Over time, your new pavers might appear to be collecting and growing stains. While some of this is due to normal wear and tear, other types of buildup occur due to the curing process of concrete. Many homeowners decide to acid wash pavers, as doing so removes stains and restores their appearance. However, doing this the wrong way can cause severe damage to the pavers themselves, so wash them with caution.
White Buildup on Pavers
Often, homeowners see white buildup on the surface of their concrete pavers. This discoloration is called efflorescence, and it is part of the natural process that occurs as concrete cures over a long period of time. This causes a compound called calcium hydroxide to form and bloom on the surface of the paver.
Video of the Day
A calcium carbonate salt compound forms when the calcium hydroxide mixes with the carbon dioxide in the air. This appears as a white powderlike substance on the exposed surface of concrete pavers. This mixture of salt and basic compounds is harmless, and it can be removed with an acidic treatment. However, if your pavers aren't stained from natural efflorescence, you will need to do some research on how to remove it.
Handling Muriatic Acid for Pavers
Muriatic acid is one type of diluted hydrochloric acid. Hydrochloric acid is an incredibly strong acid, and it can be dangerous to work with this substance. Hydrochloric acid can cause irritation to the skin, eyes and lungs, and at higher concentrations, it will cause corrosive burns. Muriatic acid is diluted with water to a concentration between 14.5 and 29 percent. While this is still dangerous, these dilutions are much easier to handle.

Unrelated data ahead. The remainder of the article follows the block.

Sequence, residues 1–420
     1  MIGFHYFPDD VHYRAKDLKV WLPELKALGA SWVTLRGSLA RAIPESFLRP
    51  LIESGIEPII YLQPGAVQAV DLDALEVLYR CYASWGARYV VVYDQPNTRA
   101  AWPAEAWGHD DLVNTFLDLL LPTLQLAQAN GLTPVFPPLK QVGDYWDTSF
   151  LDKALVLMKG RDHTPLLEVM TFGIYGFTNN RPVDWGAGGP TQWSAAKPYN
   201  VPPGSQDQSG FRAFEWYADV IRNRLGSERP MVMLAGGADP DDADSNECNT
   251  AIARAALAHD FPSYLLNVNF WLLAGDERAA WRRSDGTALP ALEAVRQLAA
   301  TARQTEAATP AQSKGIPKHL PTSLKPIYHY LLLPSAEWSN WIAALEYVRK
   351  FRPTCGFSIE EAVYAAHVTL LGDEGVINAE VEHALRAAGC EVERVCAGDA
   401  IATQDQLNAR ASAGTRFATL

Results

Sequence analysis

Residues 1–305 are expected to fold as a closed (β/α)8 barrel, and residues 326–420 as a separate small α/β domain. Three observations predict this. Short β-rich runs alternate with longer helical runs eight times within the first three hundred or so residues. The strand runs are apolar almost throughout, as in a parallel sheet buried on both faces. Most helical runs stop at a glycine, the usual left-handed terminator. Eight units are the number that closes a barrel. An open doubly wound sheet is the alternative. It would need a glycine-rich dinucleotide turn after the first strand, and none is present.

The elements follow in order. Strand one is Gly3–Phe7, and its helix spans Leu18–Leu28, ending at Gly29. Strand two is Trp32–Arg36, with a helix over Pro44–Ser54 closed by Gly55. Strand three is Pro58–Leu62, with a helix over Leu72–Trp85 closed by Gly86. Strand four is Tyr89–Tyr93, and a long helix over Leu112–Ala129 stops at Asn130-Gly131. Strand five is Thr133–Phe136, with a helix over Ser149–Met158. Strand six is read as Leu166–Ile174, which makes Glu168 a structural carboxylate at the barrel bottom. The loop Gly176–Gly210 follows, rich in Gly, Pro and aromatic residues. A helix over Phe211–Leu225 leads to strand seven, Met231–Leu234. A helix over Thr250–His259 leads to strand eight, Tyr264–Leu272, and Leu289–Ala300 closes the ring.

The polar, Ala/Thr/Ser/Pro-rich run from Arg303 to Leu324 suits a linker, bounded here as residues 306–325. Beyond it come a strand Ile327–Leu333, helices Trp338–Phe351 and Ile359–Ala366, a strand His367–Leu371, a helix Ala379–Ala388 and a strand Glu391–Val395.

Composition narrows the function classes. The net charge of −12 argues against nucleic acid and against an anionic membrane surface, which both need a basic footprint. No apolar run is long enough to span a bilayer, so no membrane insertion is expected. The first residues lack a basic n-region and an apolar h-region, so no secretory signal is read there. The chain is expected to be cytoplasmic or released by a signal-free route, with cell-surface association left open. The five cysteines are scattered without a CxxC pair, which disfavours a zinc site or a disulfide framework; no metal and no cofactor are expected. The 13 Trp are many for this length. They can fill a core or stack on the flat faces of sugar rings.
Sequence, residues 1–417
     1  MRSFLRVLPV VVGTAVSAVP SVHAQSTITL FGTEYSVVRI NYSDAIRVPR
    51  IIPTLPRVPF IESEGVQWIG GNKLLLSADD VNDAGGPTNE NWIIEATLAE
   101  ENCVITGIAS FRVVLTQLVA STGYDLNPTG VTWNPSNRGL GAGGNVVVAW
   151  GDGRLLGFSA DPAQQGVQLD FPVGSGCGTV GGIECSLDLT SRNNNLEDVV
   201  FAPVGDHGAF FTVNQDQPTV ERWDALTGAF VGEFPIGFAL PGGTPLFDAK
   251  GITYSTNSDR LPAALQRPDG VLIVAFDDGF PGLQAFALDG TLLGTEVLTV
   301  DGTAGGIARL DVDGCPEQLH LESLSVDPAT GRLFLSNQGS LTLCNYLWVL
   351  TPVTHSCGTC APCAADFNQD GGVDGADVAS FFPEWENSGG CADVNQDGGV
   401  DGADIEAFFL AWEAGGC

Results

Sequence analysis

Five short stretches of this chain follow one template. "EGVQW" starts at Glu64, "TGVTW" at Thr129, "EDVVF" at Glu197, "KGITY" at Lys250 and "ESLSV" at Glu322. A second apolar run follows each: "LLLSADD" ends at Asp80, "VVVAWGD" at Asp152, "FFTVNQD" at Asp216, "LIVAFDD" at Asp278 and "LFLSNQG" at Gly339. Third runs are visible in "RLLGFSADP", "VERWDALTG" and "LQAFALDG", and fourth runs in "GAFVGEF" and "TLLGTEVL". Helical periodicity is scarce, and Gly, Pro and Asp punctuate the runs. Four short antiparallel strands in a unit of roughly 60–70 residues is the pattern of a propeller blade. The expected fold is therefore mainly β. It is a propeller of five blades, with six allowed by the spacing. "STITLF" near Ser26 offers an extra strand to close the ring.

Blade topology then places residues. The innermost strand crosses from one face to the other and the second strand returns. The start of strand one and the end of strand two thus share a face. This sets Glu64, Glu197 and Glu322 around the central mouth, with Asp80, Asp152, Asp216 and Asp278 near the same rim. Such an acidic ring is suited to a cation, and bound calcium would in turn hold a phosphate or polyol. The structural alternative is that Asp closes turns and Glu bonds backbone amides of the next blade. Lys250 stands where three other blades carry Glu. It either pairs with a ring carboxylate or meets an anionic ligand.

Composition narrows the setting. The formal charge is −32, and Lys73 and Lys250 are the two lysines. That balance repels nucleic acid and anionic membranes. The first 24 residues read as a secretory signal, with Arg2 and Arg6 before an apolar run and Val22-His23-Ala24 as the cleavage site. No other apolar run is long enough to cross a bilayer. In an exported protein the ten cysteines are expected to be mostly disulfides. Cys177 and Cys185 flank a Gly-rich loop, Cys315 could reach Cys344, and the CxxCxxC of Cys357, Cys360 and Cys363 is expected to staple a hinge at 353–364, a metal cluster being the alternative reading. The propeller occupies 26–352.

Use extreme caution when using muriatic acid to wash pavers. Remove or cover any metal objects since the acid can damage metal. While muriatic acid is fairly natural, you can minimize any potential damage to your lawn by soaking it with water first. This will dilute any runoff.
Wear protective eye gear, hydrochloric-acid-resistant gloves and tough clothing to protect your skin, such as long pants, long sleeves and boots. Generally, you should use this product outside. However, if you're considering an indoor wash, use extreme caution and ensure that the space in which you're using it has plenty of ventilation.
Additional Muriatic Acid Tips
Keep in mind that muriatic acid must be further diluted. This acid wash can do severe damage to your concrete pavers. If the concentration is too high, the acid will start to eat away at the surface of the pavers. Closely follow the directions on the container to dilute the muriatic acid. Most products recommend a 12:1 ratio of water to acid. Always fill the watering can with water first and then add the acid.
After you clear a space, pour the mixture from a watering can over a small, manageable area. After about three minutes, generously hose off the muriatic acid solution before it can start to damage your pavers. Working with small pieces will help you avoid any damage, and your pavers will emerge clear of efflorescence.